I am back today to share the second quilt I made during the Champagne Quilt writing process. When I made the first quilt - the test quilt - my two main goals were making sure I could provide information for a Modern Solid Quilt design and a Fat Quarter (FQ) friendly Mix + Match Star design. Well with this quilt, I wanted to try and make the entire quilt using FQs for a scrappy background instead of yardage. If I could figure it out, I could include it as an option in the pattern.
Quilt math can be simple (sometimes). Here is the basic math of a FQ: 1 FQ is roughly 18" x 21". It is a half yard of fabric - 18" x width of fabric (WOF) - cut in half again. The WOF of fabric is the only variable in the FQ that can change - some manufacturers create fabrics that are anywhere from 42" - 45" wide (quilting cottons). So the standard width I use when calculating quilt math is the 42" width. So, 42" cut in half is 21". That gets you to the 18" x 21" measurement and the reason a FQ should always be 18" is because it's exactly half of a full yard measurement - 36". So if you know that one FG is half of a yard then you know that you can get 4 FQs out of a single full yard cut. Have I lost you? You still here?
So you take that information and it is pretty easy to figure out how to change a yardage requirement into a FQ equivalent. Mind you - it can vary pattern to pattern because one pattern may have you cutting very large pieces from your yardage that you couldn't technically get from a single FQ. But for this pattern, it was easy enough to convert yardage to FQs. So for the Square Throw Size Quilt - the yardage backyard amount needed is 2 1/4 yards. So you start with needing 2 full yards and you know that means you need 8 FQs and then I still have a 1/4 yard cut to figure out. For me, 1/4 yard and FQ are pretty interchangable with Champagne so it was easy to note I needed 1 FQ to replace the single 1/4 yard cut. So 2 1/4 yards = 9 FQs. Now if you do this on your own, I always say its safe to assume you may need (1) more FQ that you think you could.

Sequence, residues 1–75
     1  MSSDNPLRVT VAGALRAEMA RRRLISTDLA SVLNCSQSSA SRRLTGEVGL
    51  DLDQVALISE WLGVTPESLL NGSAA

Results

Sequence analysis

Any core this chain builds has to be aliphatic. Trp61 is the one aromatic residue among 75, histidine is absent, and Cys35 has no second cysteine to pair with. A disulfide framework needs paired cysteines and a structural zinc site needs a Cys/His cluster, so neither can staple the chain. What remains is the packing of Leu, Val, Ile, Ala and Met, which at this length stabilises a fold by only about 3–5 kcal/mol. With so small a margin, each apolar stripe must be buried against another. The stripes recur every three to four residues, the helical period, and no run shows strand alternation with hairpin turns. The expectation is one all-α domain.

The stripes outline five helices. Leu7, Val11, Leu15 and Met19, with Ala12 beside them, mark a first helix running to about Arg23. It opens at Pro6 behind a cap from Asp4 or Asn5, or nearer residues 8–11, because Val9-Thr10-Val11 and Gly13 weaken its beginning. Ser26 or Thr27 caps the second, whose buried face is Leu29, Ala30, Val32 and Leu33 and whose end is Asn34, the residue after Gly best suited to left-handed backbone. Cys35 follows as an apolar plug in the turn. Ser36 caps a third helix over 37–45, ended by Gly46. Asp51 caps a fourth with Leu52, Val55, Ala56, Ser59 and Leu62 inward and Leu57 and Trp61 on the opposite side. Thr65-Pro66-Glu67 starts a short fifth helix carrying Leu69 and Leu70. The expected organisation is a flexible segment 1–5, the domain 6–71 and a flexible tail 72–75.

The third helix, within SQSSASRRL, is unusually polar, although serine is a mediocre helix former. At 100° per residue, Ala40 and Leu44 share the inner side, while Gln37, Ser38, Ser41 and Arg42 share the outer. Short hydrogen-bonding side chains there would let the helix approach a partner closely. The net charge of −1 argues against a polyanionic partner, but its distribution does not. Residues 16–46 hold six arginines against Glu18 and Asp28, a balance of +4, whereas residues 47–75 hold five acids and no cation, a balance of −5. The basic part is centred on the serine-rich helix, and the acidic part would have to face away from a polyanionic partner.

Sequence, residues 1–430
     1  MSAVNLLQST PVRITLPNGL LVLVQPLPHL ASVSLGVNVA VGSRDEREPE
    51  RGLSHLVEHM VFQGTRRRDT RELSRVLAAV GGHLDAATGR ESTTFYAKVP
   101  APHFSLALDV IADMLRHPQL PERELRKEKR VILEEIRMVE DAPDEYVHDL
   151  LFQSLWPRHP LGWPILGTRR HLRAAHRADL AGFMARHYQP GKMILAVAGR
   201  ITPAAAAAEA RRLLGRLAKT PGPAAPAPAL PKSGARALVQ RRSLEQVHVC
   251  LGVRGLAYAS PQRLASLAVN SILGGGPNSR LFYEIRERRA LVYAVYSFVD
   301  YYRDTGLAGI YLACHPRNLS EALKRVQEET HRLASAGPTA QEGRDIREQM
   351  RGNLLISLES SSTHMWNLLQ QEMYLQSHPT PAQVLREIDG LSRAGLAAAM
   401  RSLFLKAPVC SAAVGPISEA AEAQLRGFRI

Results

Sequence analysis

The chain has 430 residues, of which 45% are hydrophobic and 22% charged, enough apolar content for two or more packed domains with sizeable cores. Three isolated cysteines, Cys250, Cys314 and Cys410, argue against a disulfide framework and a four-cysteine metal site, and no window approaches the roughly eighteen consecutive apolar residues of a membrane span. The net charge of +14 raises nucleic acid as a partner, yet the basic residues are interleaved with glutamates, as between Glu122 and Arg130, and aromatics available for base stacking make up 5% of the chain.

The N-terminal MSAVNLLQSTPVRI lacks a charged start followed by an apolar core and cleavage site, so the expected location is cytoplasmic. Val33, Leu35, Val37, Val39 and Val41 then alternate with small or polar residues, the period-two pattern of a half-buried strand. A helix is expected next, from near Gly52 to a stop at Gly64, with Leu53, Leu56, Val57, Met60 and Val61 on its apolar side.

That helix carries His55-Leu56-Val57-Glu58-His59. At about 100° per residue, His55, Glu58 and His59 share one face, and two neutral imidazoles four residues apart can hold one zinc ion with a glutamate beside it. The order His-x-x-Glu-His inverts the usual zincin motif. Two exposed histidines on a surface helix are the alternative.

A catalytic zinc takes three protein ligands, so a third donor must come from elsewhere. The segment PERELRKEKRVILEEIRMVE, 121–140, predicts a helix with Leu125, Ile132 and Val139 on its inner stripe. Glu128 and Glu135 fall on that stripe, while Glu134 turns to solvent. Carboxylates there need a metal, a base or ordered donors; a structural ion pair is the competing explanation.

Phew, that was a lot of quilt math talk. But that all leads us to what fabrics I choose for this sample. I did some fun bold colors for the stars using Bella Solids, a White for the Irish Chain, a bright hit of yellow for the accent Irish Chain and then I used 9 different low volume FQs for the background.
The Bella Solids I used for the Stars are: Blue Raspberry, Blush, Bright Sky, Sea, Fuchsia, Bright Turquoise, Regatta, Princess. I used White Bleached in Bella Solids for the Main Irish Chain and Electric Lemon for the Accent Irish Chain. The 9 FQs are a variety of low volume prints from Moda Fabrics. I have a kit for this exact quilt in the shop!
I now have my fabric all figured out and I work on cutting my low volume FQs into the background pieces needed and I realize - shoot, I probably need a little guidance as to what pieces to cut from what FQ. At this point, I had written the first solid draft of Champagne and sent it to my teach editor. I hadn't included in the first draft any optional cutting diagrams for reference when using FQs to make a scrappy background. Silly me.
I included two possible cutting scenarios .
1. How to cut a single FQ that includes multiples of EACH background cut needed. This provides the most scrappy look. For example: say you need a total of (50) 3" squares - well then you could be using 9 different FQs to get to the total of (50) 3" squares. And that only uses up a part of a FQ so you go back and make the other background cuts as well = Mega scrappy, love it!